Members of the Hopkins community gathered on Wednesday to listen to a panel about Immigration and Customs Enforcement (ICE) and its contracts with the University. The four panelists included an expert on migration, an organizer for CASA de Maryland, a volunteer with Sanctuary Streets of Baltimore, and Drew Daniel, the Hopkins English professor who organized a petition protesting the JHU-ICE contracts.
Event sponsors and co-hosts included the Hopkins Coalition Against ICE, the Baltimore Industrial Workers of the World (IWW), the Baltimore branch of the Party for Socialism and Liberation (PSL), the Baltimore chapter of the International Socialist Organization, Students Against Private Police (SAPP) at Hopkins, Sanctuary Streets Baltimore, Teachers and Researchers United (TRU), Jews United for Justice (JUFJ) Baltimore, the Baltimore Democratic Socialists of America, Casa de Maryland, Hopkins Students for Justice in Palestine, the Hopkins Graduate Representative Organization and the American Civil Liberties Union (ACLU) of Maryland.
In an email to The News-Letter, Sam Agarwal, a PhD student at Hopkins and an organizer of the Hopkins Coalition Against ICE, explained that the panel was a reaction to the University’s failure to terminate its contracts with ICE following student-run protests.
“Hopkins has refused to dump the ICE contracts,” Agarwal wrote. “The coalition hopes this event will give more students the political knowledge and determination to participate in a walkout against the contracts next Wednesday at 11 a.m.”
Daniel, who began the petition for Hopkins to terminate its relationship with ICE last summer, first learned about the University’s relationship with the government organization through TRU. He believes that the character and actions of ICE, which has been criticized for the separation of families at the border and the mistreatment of migrants, is incompatible with what he sees as the University’s mission.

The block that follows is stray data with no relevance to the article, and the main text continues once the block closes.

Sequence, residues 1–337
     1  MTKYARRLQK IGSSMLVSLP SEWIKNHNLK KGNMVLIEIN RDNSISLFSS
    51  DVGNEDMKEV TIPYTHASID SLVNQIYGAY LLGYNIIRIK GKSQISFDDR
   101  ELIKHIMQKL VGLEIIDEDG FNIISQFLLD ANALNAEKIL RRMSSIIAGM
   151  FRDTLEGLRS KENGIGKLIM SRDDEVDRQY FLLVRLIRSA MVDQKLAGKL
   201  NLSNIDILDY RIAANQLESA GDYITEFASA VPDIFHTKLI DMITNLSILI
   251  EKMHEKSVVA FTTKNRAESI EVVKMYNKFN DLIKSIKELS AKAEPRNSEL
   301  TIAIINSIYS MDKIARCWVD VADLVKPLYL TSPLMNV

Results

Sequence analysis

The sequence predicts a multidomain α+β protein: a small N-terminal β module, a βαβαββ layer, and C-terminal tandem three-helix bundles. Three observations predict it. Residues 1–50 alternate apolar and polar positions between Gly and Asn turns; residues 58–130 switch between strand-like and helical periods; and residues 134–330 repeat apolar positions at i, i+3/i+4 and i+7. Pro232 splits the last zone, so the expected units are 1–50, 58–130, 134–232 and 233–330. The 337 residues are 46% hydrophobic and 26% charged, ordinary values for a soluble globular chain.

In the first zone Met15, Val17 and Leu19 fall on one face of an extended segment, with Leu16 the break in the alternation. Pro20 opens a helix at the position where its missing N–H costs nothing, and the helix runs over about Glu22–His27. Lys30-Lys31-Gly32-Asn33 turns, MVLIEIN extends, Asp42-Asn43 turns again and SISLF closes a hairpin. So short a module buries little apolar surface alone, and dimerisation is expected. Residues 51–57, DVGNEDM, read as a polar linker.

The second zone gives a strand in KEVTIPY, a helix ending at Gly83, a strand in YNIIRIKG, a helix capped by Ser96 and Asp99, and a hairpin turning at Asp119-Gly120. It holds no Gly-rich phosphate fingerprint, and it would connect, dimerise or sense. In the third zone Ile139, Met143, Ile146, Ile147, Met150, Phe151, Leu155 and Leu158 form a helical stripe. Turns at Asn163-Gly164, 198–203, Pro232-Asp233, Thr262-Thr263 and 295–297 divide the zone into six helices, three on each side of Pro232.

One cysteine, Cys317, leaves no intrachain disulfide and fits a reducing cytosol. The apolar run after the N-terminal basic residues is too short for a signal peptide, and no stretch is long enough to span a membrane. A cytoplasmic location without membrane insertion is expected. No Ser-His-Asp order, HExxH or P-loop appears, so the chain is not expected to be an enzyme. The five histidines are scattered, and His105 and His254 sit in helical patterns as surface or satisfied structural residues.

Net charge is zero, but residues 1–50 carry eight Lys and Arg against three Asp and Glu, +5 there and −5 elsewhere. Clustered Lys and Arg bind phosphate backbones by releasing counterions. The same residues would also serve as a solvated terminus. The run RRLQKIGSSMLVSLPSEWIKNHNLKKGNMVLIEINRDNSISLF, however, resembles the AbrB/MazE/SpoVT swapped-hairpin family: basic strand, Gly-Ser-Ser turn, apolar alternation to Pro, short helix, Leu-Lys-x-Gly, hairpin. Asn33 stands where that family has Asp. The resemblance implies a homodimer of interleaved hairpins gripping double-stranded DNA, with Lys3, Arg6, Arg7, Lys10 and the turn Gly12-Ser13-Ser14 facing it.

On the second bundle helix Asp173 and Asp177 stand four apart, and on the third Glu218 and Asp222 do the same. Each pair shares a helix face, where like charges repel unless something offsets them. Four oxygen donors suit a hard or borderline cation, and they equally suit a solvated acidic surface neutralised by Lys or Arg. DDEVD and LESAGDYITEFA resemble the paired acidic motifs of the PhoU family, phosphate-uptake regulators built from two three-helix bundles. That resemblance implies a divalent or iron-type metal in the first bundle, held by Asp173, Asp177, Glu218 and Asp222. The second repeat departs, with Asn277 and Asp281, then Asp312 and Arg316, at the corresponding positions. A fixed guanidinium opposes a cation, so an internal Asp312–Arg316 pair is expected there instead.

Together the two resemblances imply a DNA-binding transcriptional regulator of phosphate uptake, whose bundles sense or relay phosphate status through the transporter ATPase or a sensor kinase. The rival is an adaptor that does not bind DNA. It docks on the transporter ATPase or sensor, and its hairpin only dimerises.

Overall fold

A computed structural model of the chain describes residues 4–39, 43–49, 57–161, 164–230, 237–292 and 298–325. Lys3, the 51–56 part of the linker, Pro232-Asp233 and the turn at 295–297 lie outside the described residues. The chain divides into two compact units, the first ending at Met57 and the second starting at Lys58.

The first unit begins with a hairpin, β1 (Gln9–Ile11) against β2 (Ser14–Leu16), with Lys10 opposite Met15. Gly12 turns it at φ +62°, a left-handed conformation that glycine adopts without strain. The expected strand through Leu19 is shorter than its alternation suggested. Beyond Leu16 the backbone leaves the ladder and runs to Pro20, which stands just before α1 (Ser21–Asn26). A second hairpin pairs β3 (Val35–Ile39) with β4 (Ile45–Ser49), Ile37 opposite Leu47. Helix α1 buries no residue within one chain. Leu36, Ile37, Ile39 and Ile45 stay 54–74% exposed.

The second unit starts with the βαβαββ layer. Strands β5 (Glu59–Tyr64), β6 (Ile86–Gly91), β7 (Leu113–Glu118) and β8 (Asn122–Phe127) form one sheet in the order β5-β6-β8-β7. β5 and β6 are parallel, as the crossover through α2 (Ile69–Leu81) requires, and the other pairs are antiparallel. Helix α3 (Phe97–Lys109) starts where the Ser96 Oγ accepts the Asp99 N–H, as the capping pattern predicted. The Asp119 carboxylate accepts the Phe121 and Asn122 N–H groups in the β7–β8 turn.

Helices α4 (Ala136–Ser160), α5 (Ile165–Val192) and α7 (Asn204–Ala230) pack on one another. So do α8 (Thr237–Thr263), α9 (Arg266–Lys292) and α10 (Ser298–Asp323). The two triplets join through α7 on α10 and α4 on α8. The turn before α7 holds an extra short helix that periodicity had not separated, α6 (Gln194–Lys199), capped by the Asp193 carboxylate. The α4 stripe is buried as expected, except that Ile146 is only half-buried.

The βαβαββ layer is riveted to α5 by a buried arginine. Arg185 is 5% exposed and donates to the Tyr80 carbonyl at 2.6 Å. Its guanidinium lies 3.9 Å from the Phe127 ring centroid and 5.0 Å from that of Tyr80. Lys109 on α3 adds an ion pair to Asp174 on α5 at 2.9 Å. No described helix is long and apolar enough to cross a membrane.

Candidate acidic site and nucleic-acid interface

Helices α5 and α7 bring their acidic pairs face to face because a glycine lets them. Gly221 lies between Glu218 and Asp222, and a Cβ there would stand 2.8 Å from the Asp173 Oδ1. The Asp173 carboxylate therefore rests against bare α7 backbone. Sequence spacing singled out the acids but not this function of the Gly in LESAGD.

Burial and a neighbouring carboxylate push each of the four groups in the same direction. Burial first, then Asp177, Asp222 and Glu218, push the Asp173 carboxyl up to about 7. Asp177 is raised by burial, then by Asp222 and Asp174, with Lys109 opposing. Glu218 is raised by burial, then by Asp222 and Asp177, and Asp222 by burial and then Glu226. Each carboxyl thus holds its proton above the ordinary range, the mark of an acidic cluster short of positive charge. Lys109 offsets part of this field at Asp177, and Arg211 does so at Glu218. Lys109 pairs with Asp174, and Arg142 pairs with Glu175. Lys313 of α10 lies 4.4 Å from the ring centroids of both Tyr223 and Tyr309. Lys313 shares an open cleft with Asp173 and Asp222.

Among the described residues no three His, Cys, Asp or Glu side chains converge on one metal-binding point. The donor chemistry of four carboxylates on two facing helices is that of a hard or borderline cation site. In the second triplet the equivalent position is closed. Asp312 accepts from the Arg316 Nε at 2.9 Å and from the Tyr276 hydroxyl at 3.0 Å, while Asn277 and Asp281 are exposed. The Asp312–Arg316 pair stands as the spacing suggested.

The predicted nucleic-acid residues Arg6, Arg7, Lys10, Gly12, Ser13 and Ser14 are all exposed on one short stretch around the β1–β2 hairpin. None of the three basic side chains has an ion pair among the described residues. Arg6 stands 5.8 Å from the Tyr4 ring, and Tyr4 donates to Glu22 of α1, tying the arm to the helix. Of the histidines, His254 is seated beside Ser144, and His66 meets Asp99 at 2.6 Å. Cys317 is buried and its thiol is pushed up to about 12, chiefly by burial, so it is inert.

“Given the racist intimidation tactics that ICE agents subject black and brown peoples to everyday in our country... it is painfully obvious that the actions of ICE are deeply in contrast with the allegedly humane values of Johns Hopkins University to generate knowledge for the world,” Daniel said.
Sophomore Jeremy Berger stood up during the discussion section to pledge to participate in the walkout.
“I support immigrants and migrants and I find it appalling that the school that I go to has contracts with an organization whose sole purpose is to deport people and to harass immigrants,” he said. “It’s an institution that needs to be done away with and it certainly should not be one that my school has contracts with.”
Jonathan Phillips, a graduate student in the department of the History of Science and Technology, believes that ICE should be abolished.
“[ICE is] an inhumane and unnecessary organization,” Phillips said. “It far exceeds the historical mandate for border enforcement, especially ours inside the United States, and it’s a moral and a practical disaster.”
Berger thinks that Hopkins students are very receptive to the Coalition’s message and goals, even though he says that they have a reputation for a lack of interest in political affairs.
“Hopkins has a reputation for political apathy, but I actually find that a lot of people are interested in political issues,” Berger said. “I’m optimistic. I see a lot of my fellow students are willing to stand up and take action. I’m excited to see what we can do.”